Due to the emerging COVID-19 pandemic, JGI will not be accepting or processing any samples because of reduced onsite staffing until further notice.
Home • Phoma multirostrata 7a v1.0
Phoma multirostrata on PDA plate.
Phoma multirostrata on PDA plate.
Image Credit: Eitan Salomon
Hyphae of Phoma multirostrata.
Hyphae of Phoma multirostrata.
Image Credit: Eitan Salomon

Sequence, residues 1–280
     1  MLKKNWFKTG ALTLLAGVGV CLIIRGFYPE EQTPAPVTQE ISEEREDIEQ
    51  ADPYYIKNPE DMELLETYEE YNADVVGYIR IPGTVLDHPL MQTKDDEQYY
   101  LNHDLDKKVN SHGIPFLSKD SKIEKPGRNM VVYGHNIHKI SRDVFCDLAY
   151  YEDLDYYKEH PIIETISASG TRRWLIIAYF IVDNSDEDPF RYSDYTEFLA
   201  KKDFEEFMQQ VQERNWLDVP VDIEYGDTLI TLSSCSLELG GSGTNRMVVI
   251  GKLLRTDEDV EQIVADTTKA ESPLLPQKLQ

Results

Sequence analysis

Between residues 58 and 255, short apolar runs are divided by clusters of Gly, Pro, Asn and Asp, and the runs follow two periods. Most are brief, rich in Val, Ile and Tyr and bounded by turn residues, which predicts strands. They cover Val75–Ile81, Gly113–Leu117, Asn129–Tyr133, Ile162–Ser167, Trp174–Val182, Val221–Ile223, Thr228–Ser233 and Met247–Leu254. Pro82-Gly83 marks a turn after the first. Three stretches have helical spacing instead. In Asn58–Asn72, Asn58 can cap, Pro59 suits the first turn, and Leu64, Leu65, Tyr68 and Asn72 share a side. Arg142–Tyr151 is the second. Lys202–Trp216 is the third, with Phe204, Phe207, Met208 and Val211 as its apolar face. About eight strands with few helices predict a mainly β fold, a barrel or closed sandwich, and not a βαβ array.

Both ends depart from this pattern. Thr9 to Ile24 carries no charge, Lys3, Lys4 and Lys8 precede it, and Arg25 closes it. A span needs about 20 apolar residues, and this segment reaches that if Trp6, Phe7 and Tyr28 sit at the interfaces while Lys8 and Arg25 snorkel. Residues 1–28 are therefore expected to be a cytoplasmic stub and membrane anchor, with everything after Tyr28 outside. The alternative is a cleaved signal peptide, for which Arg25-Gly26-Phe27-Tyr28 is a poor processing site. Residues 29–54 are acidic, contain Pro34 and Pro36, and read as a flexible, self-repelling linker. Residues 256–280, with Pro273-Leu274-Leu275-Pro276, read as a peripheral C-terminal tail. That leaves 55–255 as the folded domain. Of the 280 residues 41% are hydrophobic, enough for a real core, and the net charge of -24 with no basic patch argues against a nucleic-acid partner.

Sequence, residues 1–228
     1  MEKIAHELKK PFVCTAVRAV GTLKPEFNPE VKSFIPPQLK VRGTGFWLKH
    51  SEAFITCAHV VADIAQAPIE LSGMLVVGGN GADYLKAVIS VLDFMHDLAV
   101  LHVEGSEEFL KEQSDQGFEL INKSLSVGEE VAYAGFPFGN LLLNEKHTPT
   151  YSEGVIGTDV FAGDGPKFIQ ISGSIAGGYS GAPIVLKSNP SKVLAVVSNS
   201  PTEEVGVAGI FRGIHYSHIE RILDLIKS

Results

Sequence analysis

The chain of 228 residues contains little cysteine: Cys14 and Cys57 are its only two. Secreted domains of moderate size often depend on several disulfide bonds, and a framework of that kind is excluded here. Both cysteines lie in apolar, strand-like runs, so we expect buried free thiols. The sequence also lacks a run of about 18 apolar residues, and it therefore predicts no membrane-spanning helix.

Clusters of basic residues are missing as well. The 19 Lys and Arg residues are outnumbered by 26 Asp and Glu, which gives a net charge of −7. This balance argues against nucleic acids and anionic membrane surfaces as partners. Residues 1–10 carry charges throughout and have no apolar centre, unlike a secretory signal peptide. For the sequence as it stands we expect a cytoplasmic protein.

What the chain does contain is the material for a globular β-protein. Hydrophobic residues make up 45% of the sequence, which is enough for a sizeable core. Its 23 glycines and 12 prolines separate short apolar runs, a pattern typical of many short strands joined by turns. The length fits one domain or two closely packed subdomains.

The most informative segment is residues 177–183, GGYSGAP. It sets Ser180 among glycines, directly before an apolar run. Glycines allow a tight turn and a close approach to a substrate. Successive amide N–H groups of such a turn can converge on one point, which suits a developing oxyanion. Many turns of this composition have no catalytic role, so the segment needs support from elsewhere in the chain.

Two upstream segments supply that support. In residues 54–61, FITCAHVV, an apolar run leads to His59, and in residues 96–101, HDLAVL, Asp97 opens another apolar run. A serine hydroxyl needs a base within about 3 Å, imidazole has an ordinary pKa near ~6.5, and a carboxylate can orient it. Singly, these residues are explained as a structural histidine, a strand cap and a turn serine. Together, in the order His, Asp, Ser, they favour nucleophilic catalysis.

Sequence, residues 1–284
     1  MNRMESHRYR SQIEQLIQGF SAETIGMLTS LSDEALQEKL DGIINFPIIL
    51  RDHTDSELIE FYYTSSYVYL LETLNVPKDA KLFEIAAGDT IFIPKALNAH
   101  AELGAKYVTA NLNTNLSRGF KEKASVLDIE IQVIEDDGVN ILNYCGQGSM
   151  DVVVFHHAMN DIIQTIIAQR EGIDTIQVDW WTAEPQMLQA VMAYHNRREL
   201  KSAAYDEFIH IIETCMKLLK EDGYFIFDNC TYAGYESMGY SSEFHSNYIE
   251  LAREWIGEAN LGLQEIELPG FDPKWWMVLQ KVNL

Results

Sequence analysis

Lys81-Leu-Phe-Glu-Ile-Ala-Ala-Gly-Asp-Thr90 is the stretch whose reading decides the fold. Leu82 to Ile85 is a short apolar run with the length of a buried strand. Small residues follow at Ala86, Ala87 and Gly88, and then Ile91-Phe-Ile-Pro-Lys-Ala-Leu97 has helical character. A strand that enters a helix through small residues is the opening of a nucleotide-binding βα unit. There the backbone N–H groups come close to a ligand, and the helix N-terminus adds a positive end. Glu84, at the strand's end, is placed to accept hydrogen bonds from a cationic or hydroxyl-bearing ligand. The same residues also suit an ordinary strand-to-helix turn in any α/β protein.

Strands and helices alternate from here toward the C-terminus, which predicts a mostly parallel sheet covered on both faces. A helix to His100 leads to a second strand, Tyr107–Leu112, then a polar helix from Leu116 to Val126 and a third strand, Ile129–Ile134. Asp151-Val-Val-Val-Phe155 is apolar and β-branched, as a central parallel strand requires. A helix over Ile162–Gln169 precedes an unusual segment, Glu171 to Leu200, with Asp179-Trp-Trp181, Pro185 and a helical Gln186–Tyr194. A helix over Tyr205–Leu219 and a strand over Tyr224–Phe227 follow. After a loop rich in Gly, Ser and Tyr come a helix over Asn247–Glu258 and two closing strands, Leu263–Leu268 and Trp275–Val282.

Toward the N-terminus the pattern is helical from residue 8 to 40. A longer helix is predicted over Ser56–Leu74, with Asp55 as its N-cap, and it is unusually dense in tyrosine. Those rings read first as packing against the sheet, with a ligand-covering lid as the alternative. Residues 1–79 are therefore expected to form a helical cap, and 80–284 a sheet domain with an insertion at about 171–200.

Phoma multirostrata (Mathur, Menon & Thirum.) Dorenbosh and Doerema, previously described as Sphaeronema multirostrata, shares a number of common morphological characteristics (such as the presence of pycnidia with many well-defined ostioles) with P. americana, P. herbarum and P. rumicicola. P. multirostrata has been primarily reported to be a pathogen of several plant species (including grapevine, palm, tea, orchids, fuchsia, lavender, oregano, coriander and baru in Asia, Europe, Australia and South America). A case of isolation of P. multirostrata from a human cutaneous preparation has also been reported. Strains of this species also produce unique cytochalasins as part of their secondary metabolism. Recently, P. multirostrata has been isolated from the marine environment, as a symbiont from the reef building coral Orbicella faveolata (listed as "endangered" by the International Union for Conservation of Nature). Information on this (and additional O. faveolata-associated fungi) will serve as a basis for studying the mostly uncharted aspects (beneficial and detrimental) of fungal-coral interactions. Sequence information will be mined for secondary metabolite production potential, compared with additional strains isolated from other coral samples and used for designing probes for in-situ analysis of coral-fungus interactions.